The body question

Technology.

What a beautiful title – it sounds like the title of an extremely relevant and powerful and intelligent thesis in philosophy at least.

It impresses myself. Sometimes, I… well, sorry.
Going back down to my heights, which are lower, my subject of the day is much more pragmatic.

It’s already been several times that I’ve launched, like the dizzy kid I am, the hypothesis of Virtual Reality where my spectator acts physically. With his body.
It’s quite concrete.

In 2014 the Marriott Hotel in London offered the 4D experience – i.e. in a place that will deceive all your other senses: there will be the wind, the burning sun, the sweet smells of paradise and so on.

Wonderful – but you were stuck.

In order to progress in the field of VR, the engineers had to get the spectator moving – that’s better. On the other hand, it is neither simple nor obvious.
The number one problem is that you’re “blind” to the real world when you’re under that damn helmet.
So acting physically is fine, but how?
For now there are a few options from video games: you have your controller, more or less modern and streamlined – but it’s a controller – one for each hand, and that’s it.

I say that, but in fact – it’s already huge.

Take a good look at people’s reactions when they’re on the board: their feet feel the real board – and their eyes see the fake void. And that’s enough – they’ve gone into the middle of a nightmare/ dream, depending on whether they’re afraid of heights.

That’s not bad enough, is it? People are impressed, just look at how they position their feet.

I’m even more interested in the experiments here – because the real body is embedded in virtual reality – and in particular the bodies of others: and there it becomes good for almost everything I want :

So here I come more or less to the proposals where I send you to dance with crutches and your friends and my actors.

As for the solution … current … surely a little expensive … it’s true … I found it in China.
The video is long – but a few excerpts are enough to get an idea. The Chinese went straight to the point: there is, for each planned experience, the real equipment that allows you to experience it at its best – if you need shoes to really jump from water lily pad to water lily pad, you’ll get the shoes.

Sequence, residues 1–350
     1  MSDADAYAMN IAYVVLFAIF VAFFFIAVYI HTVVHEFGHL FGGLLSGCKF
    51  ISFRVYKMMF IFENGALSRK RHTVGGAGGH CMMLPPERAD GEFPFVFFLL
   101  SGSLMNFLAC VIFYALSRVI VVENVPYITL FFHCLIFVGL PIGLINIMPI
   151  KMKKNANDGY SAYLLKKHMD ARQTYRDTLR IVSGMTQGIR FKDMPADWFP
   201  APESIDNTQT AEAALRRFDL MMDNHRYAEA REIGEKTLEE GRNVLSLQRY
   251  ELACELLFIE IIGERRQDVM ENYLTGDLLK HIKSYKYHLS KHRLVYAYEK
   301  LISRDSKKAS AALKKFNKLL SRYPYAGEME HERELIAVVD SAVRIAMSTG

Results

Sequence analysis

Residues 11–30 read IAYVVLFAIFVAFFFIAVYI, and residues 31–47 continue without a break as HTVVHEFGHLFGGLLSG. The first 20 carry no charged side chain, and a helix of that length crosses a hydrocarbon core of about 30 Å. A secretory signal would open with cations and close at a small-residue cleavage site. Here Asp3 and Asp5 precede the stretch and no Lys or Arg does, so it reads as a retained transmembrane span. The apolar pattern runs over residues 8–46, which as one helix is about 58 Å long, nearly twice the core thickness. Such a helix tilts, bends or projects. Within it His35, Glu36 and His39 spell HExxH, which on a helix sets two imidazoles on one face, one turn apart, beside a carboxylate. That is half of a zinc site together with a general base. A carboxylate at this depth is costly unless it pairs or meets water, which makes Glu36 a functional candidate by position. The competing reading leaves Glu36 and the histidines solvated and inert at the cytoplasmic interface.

I still haven’t found proposals like the ones that came to my mind … yes I’m a little proud of myself, that’s it.

But in the end, even now and without projecting ourselves into 130 years, it is already possible to really bring your movements – your whole body – into virtual experiences.

And if that requires a bit of expensive equipment – a bit too expensive – but that’s exactly what Altair needs.
Tell me for what crazy reason would I go and spend money in the virtual rooms of the theatre if I can have the same experience, exactly, at home?

So the theatre has to be able to offer rooms where you can do things that you don’t do at home – which implies adapted equipment – and I have to say that, given what I have in mind and the particularities of live performance, the harness system that lifts you off the floor seems to me both totally adapted and making sure that you won’t come out of there with all your broken limbs.

This installation, this stupid thing, is just perfect. Can you see that?
If you’re Cl4p-Tp, you’re sticking your feet up, and here you are on your pathetic, rusty, veiled roulette wheel: now go ahead and have fun.
If you’re Globox, I reduce your legs to 5 cm above your ankles – and likewise, have fun with that.
What about the kids?
A whole suspended class – a whole class transformed into little fireflies of all colours – who will hang on from point to point to move forward – who will be allowed to turn around and flap away as fast as possible (kicking their feet, of course), who can’t get hurt when they bump into each other, who will hear screaming and laughing, who will slide – kids easily put their hands on their face when they have a big emotion, so they slip – but because they’re in the harness, they don’t fall all the way down – they slip and they can go back up to where they had managed to go : but it’s just great to experience that.

Every time I look at the current VR videos, I feel like I’m at the beginning of the cinema.
We have equipment, the audience is terrorized, and a little thing is enough.

After, all this is going fast – extreme sports are also getting into VR.

Altair comes afterwards: when the audience is no longer terrorized and is looking for funnier, more impossible and much stronger experiences.

Because, you see, I say what I think anyway, at the risk of sounding like the most annoying girl in the world, the chick who’s never satisfied with anything, always trying to find out what’s wrong : it’s all way too close to real life.
I don’t want to blow dry my hair to think I’m in the islands of paradise. I don’t want to put myself on a real-fake board to know that I’m afraid of heights, or to mimic a real bridge in virtual with a friend who is pretending to play golf.
What are these ideas?
For therapies? well why not – to save the planet ????
I’m not concerned – I’m sorry.

No, I want to see in virtual reality what you can’t do at any time or at any cost in your life. That we invent things that are materially impossible for us. There, yes, that’s good. No ? Yes.

And that’s fine like that – I’m not in the technological competition – and we’ll need spectators who are a bit… prepared to find themselves in the places where I want to put them.

So : All is possible – that was the good news of the day. Yes it is !

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Featured Image : Richie’s Plank Experience.

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